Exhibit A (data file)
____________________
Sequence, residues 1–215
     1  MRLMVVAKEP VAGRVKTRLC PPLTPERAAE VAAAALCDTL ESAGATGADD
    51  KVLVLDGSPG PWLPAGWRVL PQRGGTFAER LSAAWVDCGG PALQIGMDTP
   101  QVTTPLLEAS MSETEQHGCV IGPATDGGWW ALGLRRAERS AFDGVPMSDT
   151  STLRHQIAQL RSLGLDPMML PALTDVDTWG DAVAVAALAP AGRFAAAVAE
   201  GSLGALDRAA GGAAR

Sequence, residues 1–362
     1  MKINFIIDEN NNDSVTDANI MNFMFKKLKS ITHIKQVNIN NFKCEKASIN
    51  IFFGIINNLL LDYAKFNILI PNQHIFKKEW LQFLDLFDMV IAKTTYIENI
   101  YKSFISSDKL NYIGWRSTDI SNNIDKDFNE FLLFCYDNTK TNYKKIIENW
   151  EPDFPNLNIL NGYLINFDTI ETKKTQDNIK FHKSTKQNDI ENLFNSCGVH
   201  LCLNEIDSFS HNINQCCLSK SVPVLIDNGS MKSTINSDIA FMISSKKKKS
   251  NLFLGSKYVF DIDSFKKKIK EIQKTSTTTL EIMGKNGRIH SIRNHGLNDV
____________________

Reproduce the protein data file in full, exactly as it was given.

Sequence, residues 1–215
     1  MRLMVVAKEP VAGRVKTRLC PPLTPERAAE VAAAALCDTL ESAGATGADD
    51  KVLVLDGSPG PWLPAGWRVL PQRGGTFAER LSAAWVDCGG PALQIGMDTP
   101  QVTTPLLEAS MSETEQHGCV IGPATDGGWW ALGLRRAERS AFDGVPMSDT
   151  STLRHQIAQL RSLGLDPMML PALTDVDTWG DAVAVAALAP AGRFAAAVAE
   201  GSLGALDRAA GGAAR

Sequence, residues 1–362
     1  MKINFIIDEN NNDSVTDANI MNFMFKKLKS ITHIKQVNIN NFKCEKASIN
    51  IFFGIINNLL LDYAKFNILI PNQHIFKKEW LQFLDLFDMV IAKTTYIENI
   101  YKSFISSDKL NYIGWRSTDI SNNIDKDFNE FLLFCYDNTK TNYKKIIENW
   151  EPDFPNLNIL NGYLINFDTI ETKKTQDNIK FHKSTKQNDI ENLFNSCGVH
   201  LCLNEIDSFS HNINQCCLSK SVPVLIDNGS MKSTINSDIA FMISSKKKKS
   251  NLFLGSKYVF DIDSFKKKIK EIQKTSTTTL EIMGKNGRIH SIRNHGLNDV